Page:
The Inception of the Manhattan Project

Allen Yu
March 15, 2017

Submitted as coursework for PH241, Stanford University, Winter 2017

Discovery of Fission

Fig. 1: Szilard-Wigner letter signed by Einstein addressed to President Roosevelt. (Source: Wikimedia Commons)

In January 1939, German scientists Otto Hahn and Fritz Strassmann published a paper on splitting uranium into barium, an element roughly half the size of uranium, by bombarding it with neutrons. Immediately after, Lise Meitner and Otto R. Frisch came out with a separate publication of how Neils Bohr's model of the atom could explain this division. [1] They coined the term fission to describe this process.

The fission process was discovered to not only release enormous amounts of energy but also emit neutrons. These secondary neutrons could collide with other atoms and release more neutrons, causing a chain reaction. [2] A controlled chain reaction makes it possible to generate large amounts of energy, and an uncontrolled chain reaction could result in an explosion magnitudes greater than conventional bombs. [3]

German Developments

This discovery raised alarm across the scientific community internationally. However, scientists in different nations responded in vastly different manners. Those in the U.S. and the U.K. sought to perform research in private while those in Germany disseminated information freely. In June 1939, Siegfried Fluegge published a paper discussing German developments, stopping just short of saying bomb. He originally intended to show that Germany has nothing to hide. However, it produced the opposite effect and created a very real sense of urgency in the allied forces. [3] It also spurred interest among German authorities and the German Army provided funds to establish a research division headed by Dr. Kurt Diebner. [3]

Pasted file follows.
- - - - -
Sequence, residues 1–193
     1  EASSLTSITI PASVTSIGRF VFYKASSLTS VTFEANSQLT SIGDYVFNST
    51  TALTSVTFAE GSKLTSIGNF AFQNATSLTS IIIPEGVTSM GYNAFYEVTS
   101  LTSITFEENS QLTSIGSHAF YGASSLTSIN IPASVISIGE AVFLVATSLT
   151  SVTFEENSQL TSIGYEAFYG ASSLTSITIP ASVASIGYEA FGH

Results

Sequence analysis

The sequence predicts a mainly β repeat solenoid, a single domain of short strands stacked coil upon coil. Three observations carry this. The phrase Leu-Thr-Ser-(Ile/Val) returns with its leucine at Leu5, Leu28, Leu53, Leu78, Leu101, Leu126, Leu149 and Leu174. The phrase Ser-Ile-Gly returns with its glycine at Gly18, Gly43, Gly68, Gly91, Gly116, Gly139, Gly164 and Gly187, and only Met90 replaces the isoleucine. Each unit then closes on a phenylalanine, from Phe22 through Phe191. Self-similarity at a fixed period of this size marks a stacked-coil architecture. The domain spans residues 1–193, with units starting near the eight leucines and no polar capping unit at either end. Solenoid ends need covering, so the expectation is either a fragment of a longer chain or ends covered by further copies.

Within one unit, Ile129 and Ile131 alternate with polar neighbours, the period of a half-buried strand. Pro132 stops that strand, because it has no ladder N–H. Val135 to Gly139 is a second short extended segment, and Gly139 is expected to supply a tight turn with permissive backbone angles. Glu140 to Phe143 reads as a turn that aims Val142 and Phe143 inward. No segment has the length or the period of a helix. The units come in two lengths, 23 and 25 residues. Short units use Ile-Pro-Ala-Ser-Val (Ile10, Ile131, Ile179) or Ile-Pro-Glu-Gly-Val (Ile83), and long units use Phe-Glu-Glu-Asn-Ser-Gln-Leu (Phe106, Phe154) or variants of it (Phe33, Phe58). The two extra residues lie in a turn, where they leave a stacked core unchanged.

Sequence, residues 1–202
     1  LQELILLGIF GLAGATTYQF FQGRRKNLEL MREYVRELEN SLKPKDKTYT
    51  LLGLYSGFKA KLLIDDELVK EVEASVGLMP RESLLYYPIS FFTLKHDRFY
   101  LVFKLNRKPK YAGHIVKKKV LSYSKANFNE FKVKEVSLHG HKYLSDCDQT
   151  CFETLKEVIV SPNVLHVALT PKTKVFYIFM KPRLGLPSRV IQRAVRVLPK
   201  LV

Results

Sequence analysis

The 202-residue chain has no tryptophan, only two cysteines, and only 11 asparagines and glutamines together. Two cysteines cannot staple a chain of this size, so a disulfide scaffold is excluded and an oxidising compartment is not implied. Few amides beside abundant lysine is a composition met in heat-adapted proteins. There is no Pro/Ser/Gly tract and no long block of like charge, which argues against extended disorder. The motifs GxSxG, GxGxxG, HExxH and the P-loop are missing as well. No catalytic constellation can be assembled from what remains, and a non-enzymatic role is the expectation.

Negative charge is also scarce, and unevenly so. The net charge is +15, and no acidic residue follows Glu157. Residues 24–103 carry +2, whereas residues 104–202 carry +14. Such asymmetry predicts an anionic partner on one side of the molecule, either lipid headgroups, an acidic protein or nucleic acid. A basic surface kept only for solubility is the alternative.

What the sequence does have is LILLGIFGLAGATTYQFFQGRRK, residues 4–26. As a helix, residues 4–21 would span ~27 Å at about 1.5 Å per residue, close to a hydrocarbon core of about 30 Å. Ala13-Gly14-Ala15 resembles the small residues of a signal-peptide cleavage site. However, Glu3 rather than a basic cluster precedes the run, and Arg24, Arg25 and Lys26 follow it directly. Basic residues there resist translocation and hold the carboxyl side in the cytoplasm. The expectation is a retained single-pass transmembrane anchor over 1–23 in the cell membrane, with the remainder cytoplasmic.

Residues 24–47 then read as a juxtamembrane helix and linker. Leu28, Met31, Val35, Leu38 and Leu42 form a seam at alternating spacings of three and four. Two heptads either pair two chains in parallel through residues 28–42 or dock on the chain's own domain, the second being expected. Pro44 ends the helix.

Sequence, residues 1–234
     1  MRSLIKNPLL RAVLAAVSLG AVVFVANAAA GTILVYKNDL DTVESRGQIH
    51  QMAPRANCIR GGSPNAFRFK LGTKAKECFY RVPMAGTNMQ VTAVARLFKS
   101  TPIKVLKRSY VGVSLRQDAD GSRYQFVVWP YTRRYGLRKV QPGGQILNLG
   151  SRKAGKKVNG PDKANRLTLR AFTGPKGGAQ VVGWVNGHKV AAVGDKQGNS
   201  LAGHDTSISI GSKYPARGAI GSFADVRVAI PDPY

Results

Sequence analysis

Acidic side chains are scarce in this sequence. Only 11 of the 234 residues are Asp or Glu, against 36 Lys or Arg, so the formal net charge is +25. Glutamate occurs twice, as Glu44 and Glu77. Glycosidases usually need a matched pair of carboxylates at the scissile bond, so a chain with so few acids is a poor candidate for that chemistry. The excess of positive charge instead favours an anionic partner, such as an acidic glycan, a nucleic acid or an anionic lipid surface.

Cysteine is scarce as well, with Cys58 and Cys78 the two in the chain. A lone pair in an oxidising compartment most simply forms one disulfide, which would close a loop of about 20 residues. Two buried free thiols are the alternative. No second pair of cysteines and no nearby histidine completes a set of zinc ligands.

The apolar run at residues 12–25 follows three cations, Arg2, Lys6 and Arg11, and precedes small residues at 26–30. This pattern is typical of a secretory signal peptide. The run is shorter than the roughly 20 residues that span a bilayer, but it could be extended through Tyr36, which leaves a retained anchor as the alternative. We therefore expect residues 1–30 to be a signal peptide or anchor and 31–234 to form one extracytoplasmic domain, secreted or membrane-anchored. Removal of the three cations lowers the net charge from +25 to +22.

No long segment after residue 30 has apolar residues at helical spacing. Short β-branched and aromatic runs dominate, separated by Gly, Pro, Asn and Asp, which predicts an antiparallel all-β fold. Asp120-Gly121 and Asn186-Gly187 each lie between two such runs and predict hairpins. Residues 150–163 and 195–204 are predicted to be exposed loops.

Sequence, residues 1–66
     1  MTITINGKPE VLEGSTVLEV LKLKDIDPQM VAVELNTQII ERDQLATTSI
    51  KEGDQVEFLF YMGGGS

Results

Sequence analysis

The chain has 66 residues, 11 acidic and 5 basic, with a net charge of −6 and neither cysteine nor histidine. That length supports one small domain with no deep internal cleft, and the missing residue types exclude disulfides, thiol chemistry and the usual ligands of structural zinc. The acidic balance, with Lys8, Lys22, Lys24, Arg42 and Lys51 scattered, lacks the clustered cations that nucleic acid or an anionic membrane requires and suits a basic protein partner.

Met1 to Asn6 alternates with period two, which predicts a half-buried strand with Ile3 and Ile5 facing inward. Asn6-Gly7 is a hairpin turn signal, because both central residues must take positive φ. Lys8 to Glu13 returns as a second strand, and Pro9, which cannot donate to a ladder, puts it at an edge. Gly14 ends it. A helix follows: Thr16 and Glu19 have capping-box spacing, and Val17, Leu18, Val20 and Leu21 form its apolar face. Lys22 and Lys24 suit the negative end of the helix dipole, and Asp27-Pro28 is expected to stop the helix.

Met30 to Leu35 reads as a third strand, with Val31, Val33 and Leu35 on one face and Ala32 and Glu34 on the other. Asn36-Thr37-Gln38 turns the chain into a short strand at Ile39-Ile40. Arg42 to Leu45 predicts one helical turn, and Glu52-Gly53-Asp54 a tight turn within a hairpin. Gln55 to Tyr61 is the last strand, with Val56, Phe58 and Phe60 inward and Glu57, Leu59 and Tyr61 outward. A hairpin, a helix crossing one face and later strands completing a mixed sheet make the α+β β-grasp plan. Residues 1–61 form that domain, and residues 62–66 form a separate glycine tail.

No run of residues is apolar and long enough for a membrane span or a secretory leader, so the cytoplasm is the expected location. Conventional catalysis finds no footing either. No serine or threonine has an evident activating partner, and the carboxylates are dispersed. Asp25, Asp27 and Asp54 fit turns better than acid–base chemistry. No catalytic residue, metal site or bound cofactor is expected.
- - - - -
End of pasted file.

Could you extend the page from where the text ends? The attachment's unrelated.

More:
The Warning to Roosevelt

Foreseeing the Third Reich using fission for military purposes, prominent American nuclear scientists Leo Szilard and Eugene Wigner drafted a letter to the U.S. government and convinced Albert Einstein to sign it. [4] This became the famous Einstein-Roosevelt letter of August 1939. With Hitler's blitzkrieg on Poland in September 1939, Roosevelt was forced to take the threat seriously and take action.

The Manhattan Project

In October 1939, Roosevelt formally approved the Advisory Committee on Uranium. [4] In the spring of 1940, that committee became the National Research Defense Council headed by Vannevar Bush. [1] The Army Corps of Engineers then created a special division that would handle the construction needed of an atomic bomb. The division was headquartered in Manhattan, New York and was given the code name of Manhattan Engineering District, or what we now more commonly know as the Manhattan Project. [4]

© Allen Yu. The author grants permission to copy, distribute and display this work in unaltered form, with attribution to the author, for noncommercial purposes only. All other rights, including commercial rights, are reserved to the author.


[1] O. Hahn, "The Discovery of Fission," Scientific American 198, No. 2, 6 (February, 1958).

[2] J. Lee, "The Manhattan Project," Physics 241, Stanford University, Fall 2012.

[3] F. G. Gosling, The Manhattan Project: Making the Atomic Bomb, U.S. Department of Energy, DOE/MA-0002 Revised, January 2010, pp. 3-5.

[4] J. Belanger, "The Manhattan Project," Physics 241, Stanford University, Spring 2013.